So you’re sick of spending the weekends glued to the TV. You’re feeling slightly guilty about spending half your day “liking” status updates. You’ve also noticed your neck is starting to disappear, while another layer of love handles is pushing its way up your sides.
You know you need to get some exercise, and biking seems a likely choice. It doesn’t look as physically taxing as running, and it can burn as many calories. The only problem is… you don’t have a bike yet. You need to buy your first mountain bike.
After I posted the article about switching to a 29er bike, the blog has been getting a lot of search hits about “buying a bike.” So I thought about cobbling together a few tips on just how to do this.
Buying your first bike can be intimidating especially when you’re a newbie who doesn’t know what to look for in a bike. Most people simply have a budget and expect to get a decent enough bike with this. But what exactly is a decent enough bike? It depends on what you need, or what you think you need. Here are some tips on how to buy your first bike.
1. Think about your goals and your budget
It is possible to get a mountain bike for around Php 4,000. These are the no frills generic bikes sold in malls and stores where parents get toy bikes for their toddlers. They are generally heavy, have less durable components, and are butt ugly.
But they’re also good enough for a few rounds around the village, for doing a few errands to the next barangay, and for getting from point A to point B as long as there are no hard climbs and technical terrain involved. If that’s all you’re looking for, then they are decent enough bikes.If you plan to go farther, weight becomes an issue, which means you need to look beyond the generic bikes, and spend a bit more.
2. Check out your local bike shop (LBS)
But first, check out your local bike shop, or LBS in the biker lingo. Use Google to find out if there’s a nearby shop you can go to—one that you can bike to in less than an hour. There’s nothing quite like visiting a real bike shop (as opposed to online sellers and websites) and seeing bikes, bike parts and accessories up close and personal. The difference is like online dating and then finally meeting eyeball to eyeball with your date. Who knows? The bike of your dreams may just be waiting for you in your friendly neighborhood LBS.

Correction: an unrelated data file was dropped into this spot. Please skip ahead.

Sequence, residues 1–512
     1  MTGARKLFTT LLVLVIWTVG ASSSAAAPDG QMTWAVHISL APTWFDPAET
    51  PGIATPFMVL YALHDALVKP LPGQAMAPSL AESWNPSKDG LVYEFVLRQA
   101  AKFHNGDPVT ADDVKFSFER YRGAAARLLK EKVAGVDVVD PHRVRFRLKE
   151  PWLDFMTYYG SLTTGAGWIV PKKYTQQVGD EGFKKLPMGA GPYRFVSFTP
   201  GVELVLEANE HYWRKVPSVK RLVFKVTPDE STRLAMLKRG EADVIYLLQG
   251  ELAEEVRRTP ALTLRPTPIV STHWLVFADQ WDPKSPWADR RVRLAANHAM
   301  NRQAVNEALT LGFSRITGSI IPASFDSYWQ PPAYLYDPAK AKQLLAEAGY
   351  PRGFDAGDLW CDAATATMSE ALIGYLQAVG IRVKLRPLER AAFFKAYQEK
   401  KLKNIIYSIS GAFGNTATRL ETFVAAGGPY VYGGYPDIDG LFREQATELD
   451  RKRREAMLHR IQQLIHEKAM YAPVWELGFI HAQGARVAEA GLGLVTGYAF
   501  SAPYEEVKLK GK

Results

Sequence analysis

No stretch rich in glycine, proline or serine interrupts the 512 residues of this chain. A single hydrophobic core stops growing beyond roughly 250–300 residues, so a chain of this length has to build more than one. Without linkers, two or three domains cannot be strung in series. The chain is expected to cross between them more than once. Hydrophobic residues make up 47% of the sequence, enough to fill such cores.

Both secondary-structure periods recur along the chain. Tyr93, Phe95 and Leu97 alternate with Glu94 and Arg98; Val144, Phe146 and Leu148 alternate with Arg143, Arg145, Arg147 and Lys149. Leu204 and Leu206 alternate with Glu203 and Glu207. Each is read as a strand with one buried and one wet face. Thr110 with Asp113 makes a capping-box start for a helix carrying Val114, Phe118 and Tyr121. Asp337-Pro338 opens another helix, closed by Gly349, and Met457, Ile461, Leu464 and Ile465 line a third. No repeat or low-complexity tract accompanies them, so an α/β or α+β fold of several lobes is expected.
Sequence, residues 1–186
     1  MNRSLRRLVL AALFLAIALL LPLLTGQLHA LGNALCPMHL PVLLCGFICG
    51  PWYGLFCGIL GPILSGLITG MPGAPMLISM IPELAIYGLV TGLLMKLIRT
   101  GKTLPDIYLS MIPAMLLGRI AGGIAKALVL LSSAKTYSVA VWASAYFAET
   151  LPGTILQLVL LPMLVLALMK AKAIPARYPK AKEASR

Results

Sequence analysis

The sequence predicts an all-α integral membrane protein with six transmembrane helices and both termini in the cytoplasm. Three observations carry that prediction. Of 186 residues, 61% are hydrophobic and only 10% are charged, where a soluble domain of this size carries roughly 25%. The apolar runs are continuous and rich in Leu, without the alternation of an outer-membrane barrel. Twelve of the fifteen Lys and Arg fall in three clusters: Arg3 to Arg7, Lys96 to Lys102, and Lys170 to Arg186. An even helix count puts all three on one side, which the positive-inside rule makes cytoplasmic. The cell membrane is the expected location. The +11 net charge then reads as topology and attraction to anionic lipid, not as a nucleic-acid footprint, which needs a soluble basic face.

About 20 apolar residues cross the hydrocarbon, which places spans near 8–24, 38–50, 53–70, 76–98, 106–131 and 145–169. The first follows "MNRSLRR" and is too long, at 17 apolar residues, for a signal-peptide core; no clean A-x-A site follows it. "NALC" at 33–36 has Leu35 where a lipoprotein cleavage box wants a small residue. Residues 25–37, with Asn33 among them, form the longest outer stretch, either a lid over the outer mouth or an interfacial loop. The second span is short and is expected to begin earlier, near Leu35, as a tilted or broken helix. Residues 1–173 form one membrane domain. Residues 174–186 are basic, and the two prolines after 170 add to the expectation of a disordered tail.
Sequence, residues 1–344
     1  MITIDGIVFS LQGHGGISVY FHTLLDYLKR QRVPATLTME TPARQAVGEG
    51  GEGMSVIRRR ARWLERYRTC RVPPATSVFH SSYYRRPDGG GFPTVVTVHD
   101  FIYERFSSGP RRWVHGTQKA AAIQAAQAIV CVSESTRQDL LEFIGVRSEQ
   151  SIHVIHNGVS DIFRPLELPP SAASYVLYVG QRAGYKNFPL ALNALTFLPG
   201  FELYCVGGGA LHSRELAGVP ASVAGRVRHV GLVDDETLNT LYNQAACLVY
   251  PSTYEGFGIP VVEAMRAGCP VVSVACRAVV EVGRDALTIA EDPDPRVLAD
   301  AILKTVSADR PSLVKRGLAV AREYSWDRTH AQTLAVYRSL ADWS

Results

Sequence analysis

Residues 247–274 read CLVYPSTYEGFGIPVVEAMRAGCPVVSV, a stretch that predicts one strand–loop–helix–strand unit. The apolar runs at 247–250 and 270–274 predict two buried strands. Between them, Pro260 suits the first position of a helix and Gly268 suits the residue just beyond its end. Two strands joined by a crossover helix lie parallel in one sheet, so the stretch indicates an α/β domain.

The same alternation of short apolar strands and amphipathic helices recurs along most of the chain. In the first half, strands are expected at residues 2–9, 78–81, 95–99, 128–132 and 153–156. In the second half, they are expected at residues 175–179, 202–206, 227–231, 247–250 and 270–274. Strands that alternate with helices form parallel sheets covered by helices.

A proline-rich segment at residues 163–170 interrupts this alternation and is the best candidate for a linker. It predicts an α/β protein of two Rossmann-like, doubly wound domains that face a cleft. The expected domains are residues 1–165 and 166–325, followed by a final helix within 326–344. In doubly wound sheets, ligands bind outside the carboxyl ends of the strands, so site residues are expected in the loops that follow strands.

A lot of bikers go to the bike shops of Quiapo and Cartimar, Pasay where bikes and bike parts are generally cheaper, but I recommend going to an LBS for your first bike. This allows you to also get to meet other bikers in your area and become part of a biking community. They may even invite you to a ride eventually. And if anything goes wrong with your bike, at least you don’t have to travel too far to get it fixed by the LBS’s bike mechanics.
I live in UP Village, and I get nearly all of my stuff from Glorious Ride Bikeshop in nearby Sikatuna. As a long time customer, I get excellent service and great discounts from them. And yes, don’t be afraid to ask for discounts.
(Of course, if you want a really big discount, you can also opt for a second hand bike, but that is probably best left for another article.)
If your budget is around Php 10,000 to 12,000, it is possible to buy something decent enough in your LBS. If your budget permits it, buy a fully-built bike. A lot of brand name built bikes like Cannondale, Specialized and Giant are now available for 15,000 and up. Some really good entry level 29er bikes are also now sold for Php 22,000. Buying a fully built bike saves you the trouble of having to figure out parts. But…
3. Don’t be afraid if you’re clueless about bike parts and components.
It’s always better to buy a fully built bike if you have the budget for it. It can really save you a whole lot of head scratching and guesswork. Some people however prefer to DIY and mix and match components to suit their budget. Having a bike assembled isn’t that much of a chore. Just check the infographic below for a crash course on bike parts.